Ikle, Fred Charles 1924–
Ikle, Fred Charles 1924–
Surname is pronounced "Ee-clay;" born August 21, 1924, in Samaden, Switzerland; son of Fritz A. and Hedwig Ikle; married Doris Eisemann (an economist), December 23, 1959; children: Judith, Miriam. Education: University of Chicago, M.A., 1948, Ph.D., 1950.
Office—Center for Strategic and International Studies, 1800 K St., N.W., Washington, DC 20006-2202.
Columbia University, New York, NY, research associate in Bureau of Applied Social Research, 1950-54; RAND Corp., Santa Monica, CA, staff member, 1955-61; Harvard University, Cambridge, MA, research associate in Center for International Affairs, 1962-63; Massachusetts Institute of Technology, Cambridge, professor of political science, 1964-67; RAND Corp., head of social science department, 1968-72; U.S. Arms Control and Disarmament Agency, Washington, DC, director, 1973-77; Conservation Management Corp., chairman, 1978-81, 1988; U.S. Department of Defense, Washington, under secretary for policy, 1981-88; Center for International and Strategic Studies, Washington, Distinguished Scholar, 1988—. Chairman of the Republican National Committee's Advisory Council on International Security, 1977-79; coordinator of Governor Ronald Reagan's Foreign Policy Advisors, 1979-80; commission on Integrated Long-Term Strategy, cochair; served on the National Commission on Terrorism that produced its report for President William Jefferson Clinton in 2000; consultant to U.S. Department of State and U.S. Information Agency; signatory of the Project for the New American Century Statement of Principles, 1997; chairman of the board of the Telos Corporation; board member of the RAND Drug Policy Research Center, Center for Security Policy, and American Foreign Policy Council; director of the Zurich-American Insurance Companies and of CMC Energy Services; governor of the Smith Richardson Foundation; chairman of the U.S. Committee for Human Rights in North Korea; director of the National Endowment for Democracy and Defense Forum Foundation.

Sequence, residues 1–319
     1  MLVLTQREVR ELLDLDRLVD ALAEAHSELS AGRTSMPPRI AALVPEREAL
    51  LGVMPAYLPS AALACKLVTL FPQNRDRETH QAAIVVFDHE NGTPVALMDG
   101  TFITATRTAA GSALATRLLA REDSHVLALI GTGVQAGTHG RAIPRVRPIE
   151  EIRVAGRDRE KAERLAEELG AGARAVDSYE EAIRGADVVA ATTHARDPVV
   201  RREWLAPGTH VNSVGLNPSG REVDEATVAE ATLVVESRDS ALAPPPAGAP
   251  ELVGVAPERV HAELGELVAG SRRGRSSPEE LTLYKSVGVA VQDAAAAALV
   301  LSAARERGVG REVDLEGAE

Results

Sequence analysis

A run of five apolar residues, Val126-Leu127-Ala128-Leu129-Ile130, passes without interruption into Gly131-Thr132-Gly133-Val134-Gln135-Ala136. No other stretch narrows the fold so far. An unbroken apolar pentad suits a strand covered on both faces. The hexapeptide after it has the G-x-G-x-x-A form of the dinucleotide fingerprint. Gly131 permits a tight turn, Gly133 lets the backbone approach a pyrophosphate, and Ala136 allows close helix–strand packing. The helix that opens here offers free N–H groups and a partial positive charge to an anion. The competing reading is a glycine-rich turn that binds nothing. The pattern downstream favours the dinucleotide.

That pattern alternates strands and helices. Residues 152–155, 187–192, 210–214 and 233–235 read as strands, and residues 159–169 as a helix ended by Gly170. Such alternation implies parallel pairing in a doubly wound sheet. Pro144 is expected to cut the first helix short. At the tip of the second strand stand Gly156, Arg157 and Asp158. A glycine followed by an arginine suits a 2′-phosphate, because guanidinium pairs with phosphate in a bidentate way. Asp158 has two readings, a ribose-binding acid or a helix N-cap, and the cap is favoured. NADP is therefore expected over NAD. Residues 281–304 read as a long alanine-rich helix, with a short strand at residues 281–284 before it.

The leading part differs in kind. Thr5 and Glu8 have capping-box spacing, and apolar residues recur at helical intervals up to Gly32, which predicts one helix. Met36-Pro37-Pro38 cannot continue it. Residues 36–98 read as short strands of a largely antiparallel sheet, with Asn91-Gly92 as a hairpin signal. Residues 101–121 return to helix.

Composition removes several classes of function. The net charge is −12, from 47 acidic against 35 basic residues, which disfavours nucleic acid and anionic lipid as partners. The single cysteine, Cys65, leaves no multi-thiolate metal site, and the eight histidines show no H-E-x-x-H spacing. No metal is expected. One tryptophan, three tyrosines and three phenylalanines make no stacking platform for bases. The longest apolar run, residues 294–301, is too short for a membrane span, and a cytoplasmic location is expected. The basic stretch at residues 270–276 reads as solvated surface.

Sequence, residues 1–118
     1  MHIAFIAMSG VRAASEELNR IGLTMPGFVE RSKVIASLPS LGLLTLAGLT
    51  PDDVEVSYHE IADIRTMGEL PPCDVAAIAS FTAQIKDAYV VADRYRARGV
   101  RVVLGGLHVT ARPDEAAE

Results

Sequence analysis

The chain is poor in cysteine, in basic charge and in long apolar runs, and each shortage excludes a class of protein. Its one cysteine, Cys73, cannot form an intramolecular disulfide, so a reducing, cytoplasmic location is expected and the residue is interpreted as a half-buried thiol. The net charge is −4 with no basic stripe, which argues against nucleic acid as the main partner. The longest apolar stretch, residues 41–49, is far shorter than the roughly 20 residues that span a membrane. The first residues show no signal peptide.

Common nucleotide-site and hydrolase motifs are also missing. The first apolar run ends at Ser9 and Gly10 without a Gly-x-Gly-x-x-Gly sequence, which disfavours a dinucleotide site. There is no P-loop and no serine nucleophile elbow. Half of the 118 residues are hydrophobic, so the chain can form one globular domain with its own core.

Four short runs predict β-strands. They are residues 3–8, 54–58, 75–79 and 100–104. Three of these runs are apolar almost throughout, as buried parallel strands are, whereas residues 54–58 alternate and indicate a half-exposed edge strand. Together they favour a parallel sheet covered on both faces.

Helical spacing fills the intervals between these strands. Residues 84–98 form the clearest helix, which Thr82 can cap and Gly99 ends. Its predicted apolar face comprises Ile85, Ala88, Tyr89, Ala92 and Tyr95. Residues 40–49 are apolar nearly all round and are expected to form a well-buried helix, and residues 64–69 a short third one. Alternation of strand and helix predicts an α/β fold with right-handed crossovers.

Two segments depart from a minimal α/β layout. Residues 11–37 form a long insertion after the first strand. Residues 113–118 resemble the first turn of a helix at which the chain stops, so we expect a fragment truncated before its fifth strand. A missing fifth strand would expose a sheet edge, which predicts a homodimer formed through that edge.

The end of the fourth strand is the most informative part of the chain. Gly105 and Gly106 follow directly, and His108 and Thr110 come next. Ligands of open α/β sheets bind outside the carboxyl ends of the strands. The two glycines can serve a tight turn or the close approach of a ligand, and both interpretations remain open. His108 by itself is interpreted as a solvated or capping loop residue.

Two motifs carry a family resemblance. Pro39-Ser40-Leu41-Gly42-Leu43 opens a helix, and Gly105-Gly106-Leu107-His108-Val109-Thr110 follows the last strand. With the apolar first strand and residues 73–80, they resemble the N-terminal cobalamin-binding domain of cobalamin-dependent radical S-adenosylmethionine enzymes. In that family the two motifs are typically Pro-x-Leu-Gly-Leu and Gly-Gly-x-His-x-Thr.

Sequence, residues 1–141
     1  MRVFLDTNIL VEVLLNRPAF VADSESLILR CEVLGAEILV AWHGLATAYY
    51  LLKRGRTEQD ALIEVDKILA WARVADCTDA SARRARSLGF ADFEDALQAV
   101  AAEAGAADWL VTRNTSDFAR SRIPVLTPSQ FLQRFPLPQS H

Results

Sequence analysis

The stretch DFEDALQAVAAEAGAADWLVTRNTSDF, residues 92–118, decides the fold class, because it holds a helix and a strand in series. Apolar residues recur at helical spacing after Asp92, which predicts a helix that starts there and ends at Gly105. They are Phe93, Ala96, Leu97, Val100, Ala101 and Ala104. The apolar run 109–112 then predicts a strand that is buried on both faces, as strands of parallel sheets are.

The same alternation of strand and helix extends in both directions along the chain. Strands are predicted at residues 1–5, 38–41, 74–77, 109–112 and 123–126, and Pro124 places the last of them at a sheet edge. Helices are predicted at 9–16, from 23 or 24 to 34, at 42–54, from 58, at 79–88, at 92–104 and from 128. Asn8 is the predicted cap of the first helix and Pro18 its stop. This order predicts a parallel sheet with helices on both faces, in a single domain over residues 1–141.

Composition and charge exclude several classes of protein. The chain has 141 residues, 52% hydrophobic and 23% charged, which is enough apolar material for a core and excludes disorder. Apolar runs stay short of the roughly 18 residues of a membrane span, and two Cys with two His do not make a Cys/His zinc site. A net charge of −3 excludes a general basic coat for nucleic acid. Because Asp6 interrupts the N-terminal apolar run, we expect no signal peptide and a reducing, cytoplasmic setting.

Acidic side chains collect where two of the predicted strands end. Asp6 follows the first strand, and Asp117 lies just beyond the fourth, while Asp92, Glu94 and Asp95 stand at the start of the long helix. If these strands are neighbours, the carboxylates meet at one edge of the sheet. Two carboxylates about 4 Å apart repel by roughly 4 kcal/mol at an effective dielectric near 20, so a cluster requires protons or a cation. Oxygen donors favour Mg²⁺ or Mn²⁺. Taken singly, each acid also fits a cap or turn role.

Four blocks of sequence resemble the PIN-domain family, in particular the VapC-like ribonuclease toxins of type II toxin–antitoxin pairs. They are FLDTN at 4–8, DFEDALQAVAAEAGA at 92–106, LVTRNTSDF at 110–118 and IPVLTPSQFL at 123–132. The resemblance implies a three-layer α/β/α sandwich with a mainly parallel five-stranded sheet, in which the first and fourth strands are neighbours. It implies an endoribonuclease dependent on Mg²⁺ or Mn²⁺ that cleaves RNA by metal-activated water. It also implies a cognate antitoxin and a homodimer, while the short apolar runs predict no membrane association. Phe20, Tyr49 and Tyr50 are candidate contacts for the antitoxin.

Council on Foreign Relations, American Sociological Association, Population Association of America, American Political Science Association, Institute of Strategic Studies.
Rockefeller Foundation grants, 1953, 1962; Distinguished Service Medal, U.S. Department of Defense, 1975 and 1987; Bronze Palm, 1988.
The Growth of China's Scientific and Technical Manpower, RAND Corp. (Santa Monica, CA), 1957.
The Social Impact of Bomb Destruction, University of Oklahoma Press (Norman, OK), 1958.
Alternative Approaches to the International Organization of Disarmament, RAND Corp. (Santa Monica, CA), 1962.
How Nations Negotiate, Harper (New York, NY), 1964, Kraus (Millwood, NY), 1982.
International Negotiation; American Shortcomings in Negotiating with Communist Powers. Memorandum Prepared at the Request of the Subcommittee onNational Security and International Operations (pursuant to S. Res. 311, 91st. Cong.) of the Committee on Government Operations, U.S. Senate, U.S. Government Printing Office (Washington), 1970.
Every War Must End, Columbia University Press (New York, NY), 1971, 2nd revised edition, 2005.
Annihilation from Within: The Ultimate Threat to Nations, Columbia University Press (New York, NY), 2006.
Contributor to works by others, including Toward the Year 2000: Work in Progress, edited by Daniel Bell, Houghton, 1968, The International Political System: A Reader, edited by Romano Romani, Wiley, 1971, and Harmonizing the Evolution of U.S. and Russian Defense Policies; contributor to political affairs journals.
Fred Charles Ikle has held many important posts through which he has influenced and created domestic and international policy on behalf of the United States. A political scientist, Ikle has been a bipartisan advisor under administrations of both Democratic and Republican presidents. In addition, he has been key to many initiatives over the years that concern U.S. security and defense.